“Don’t call her that. I don’t like that word,” Doc said. “My daddy used it every day of his life until I put a bullet in his belly. Don’t say it again.” But of course, Cry Baby did say it again, over and over, and laughed high and shrill about getting her fired. That’s when Doc understood he had more things to do.

Forty years and he was out. Didn’t learn to drive, never a family of his own. Just hard work and violence and drink, and being strong. He did pretty good on the outside. Someone always needed a man who could clear a field, or build a fence or burn a barn or show up with a shovel and a bag of lime to talk to a fellow who should have known better.

Doc was in his eighties when his legs started to fail and he had a few falls. He spent too much time in his head and stopped eating and kept drinking, and almost froze to death when he let his stove go out. He ended up here, and they fed him and kept him clean, and he took a shine to a few of the nice ones who smiled and sat with him and talked about their lives.

A couple of the young ones would get him out of the bed and walk with him up and down the hallway. He would hold on to the door jam and get himself in and out of the chair. He got stronger and started paying attention.

He had a dead-eyed distant relative who came around and nodded and asked questions when Doc would talk about the past. He brought Doc booze and was polite to the aides, and smiled and passed them money when he shook their hands – the smile never got to his eyes. He was sitting beside Doc’s bed and they were drinking and he didn’t seem surprised at all at Doc’s question. “Sure,” he answered, “you wanna a knife or a gun? No? Something not so obvious, got it.”

The longer Doc was there, and the stronger he became, the more he learned the people and the rhythm of the place. Mostly good, ignorant, and scared poor people. Both the ones in the bed and the ones taking care of them. There were bullies here as well. Cruel small little people who enforced their will through position or size or ganging-up. Evil cowards attracted to the weak. Doc could spot them easily enough.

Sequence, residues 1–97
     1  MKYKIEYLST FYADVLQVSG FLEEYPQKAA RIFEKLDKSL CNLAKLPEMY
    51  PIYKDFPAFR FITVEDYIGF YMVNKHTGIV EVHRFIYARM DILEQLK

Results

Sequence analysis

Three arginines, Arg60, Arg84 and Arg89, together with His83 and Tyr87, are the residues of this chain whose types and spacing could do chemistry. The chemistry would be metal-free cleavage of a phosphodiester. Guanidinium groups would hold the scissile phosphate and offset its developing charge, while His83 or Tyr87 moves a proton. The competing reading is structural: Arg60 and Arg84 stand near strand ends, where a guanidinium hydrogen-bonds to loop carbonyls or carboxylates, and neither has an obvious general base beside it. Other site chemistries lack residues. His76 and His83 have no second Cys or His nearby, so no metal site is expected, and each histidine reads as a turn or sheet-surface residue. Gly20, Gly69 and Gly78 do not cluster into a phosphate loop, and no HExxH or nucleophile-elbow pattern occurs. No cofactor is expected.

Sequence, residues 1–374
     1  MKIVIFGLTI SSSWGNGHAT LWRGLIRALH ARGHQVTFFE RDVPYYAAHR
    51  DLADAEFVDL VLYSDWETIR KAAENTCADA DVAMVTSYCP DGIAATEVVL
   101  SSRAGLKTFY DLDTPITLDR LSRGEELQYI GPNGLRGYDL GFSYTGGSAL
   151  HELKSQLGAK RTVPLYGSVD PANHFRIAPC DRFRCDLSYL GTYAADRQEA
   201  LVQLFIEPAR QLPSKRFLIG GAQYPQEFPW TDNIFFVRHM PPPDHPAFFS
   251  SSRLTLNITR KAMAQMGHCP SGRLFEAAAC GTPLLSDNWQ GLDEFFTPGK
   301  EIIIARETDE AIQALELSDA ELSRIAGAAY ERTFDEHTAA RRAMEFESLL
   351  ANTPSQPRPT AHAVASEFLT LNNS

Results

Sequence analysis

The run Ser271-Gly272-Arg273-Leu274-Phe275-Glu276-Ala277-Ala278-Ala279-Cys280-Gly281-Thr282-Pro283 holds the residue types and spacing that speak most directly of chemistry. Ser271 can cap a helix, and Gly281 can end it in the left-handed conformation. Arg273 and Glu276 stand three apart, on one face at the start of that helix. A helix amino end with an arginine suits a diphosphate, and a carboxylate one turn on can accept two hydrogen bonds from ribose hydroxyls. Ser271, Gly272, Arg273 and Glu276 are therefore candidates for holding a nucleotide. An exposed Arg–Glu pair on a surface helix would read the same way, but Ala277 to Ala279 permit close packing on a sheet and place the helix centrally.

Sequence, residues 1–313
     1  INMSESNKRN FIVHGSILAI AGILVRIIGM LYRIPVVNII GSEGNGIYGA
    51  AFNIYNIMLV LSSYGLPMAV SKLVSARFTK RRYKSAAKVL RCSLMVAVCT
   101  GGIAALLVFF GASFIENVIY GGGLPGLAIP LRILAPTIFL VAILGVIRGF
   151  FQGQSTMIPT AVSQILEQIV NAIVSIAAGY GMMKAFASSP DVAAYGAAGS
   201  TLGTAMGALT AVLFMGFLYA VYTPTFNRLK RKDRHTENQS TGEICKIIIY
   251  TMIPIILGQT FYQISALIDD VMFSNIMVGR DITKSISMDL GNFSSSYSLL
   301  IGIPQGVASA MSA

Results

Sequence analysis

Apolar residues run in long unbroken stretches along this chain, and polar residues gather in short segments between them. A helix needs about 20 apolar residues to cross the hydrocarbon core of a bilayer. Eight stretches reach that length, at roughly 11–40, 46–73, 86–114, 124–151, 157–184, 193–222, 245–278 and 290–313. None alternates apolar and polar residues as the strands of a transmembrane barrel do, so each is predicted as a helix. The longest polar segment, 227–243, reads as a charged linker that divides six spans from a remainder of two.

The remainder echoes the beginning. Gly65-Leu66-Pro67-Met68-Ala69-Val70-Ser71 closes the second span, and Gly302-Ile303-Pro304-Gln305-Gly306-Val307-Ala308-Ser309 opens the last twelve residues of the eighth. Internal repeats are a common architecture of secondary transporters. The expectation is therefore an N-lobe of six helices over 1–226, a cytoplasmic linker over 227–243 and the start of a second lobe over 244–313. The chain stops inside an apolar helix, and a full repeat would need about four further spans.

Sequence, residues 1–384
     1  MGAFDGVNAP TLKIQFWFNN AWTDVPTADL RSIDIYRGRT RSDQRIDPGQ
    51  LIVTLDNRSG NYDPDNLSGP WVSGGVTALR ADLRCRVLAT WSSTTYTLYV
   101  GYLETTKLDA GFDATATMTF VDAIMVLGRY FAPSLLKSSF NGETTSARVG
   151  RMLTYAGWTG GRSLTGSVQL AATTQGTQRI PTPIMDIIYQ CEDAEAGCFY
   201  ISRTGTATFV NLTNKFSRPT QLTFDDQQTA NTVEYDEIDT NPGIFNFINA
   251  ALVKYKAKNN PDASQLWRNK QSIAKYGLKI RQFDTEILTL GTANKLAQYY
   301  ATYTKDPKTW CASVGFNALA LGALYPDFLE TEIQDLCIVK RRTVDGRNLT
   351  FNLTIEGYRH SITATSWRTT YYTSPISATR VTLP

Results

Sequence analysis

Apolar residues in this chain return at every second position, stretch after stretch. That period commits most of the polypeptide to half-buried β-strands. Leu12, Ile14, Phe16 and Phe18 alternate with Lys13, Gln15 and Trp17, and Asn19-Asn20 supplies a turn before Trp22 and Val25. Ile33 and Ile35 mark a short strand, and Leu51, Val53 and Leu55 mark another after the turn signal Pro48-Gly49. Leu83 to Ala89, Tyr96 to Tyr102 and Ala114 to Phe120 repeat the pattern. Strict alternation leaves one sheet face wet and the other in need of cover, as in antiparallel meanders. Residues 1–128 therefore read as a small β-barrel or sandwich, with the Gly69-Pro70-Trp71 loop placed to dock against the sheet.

Cry Baby was one of these, leaning on that little aide because he could smell her desperation. He couldn’t pick on anyone else, so he picked on her. Another one worked for the place, a little fella, some sort of boss. Doc could hear Little Boss at night, his voice low and demanding, and in reply the soft sad scared negotiating, then whimpers from the storage closet just down the hall.

The coal oil lamp flickered and as a seven-year-old boy Doc watched his father lay his sister on the bed by his mom. “Still born,” his father said as he placed his filthy hand over the baby’s mouth and nose. His mom looked away and Doc screamed, “She’s breathing!” and rushed his father.

He swatted Doc down with no effort at all. Hit him so hard his right eye turned to milk and the buzzing in his ears never went away. Doc laid there, pathetic and weak. The worse thing Doc would ever do in a life full of bad was be weak and useless when the most innocent and helpless little thing in the world needed him. His father ground his heel into Doc’s face and said, “We don’t want no girls around here, they ain’t good for nothing but shittin' out more mouths to feed.”

Doc had gotten himself out of bed and used the walker to get to the side of Cry Baby. Doc placed his pillow over the man’s face and held it there. His back and even his legs felt good, and it was no effort at all. Cry Baby’s arms waved and his hands clawed at nothing for a short while, but not for long. After he was sure, Doc carried his pillow back to his bed and got in.

“Must have died in his sleep.” Still there were things left to do. Good and Bad. More walks down the hall, more conversations with young people, more food to eat and more booze to drink.

Most importantly, he needed to get strong enough to swing that sock full of quarters, so one night he could be waiting in the storage closet to have a talk with Little Boss. If a fella was careful, he could probably get away with it.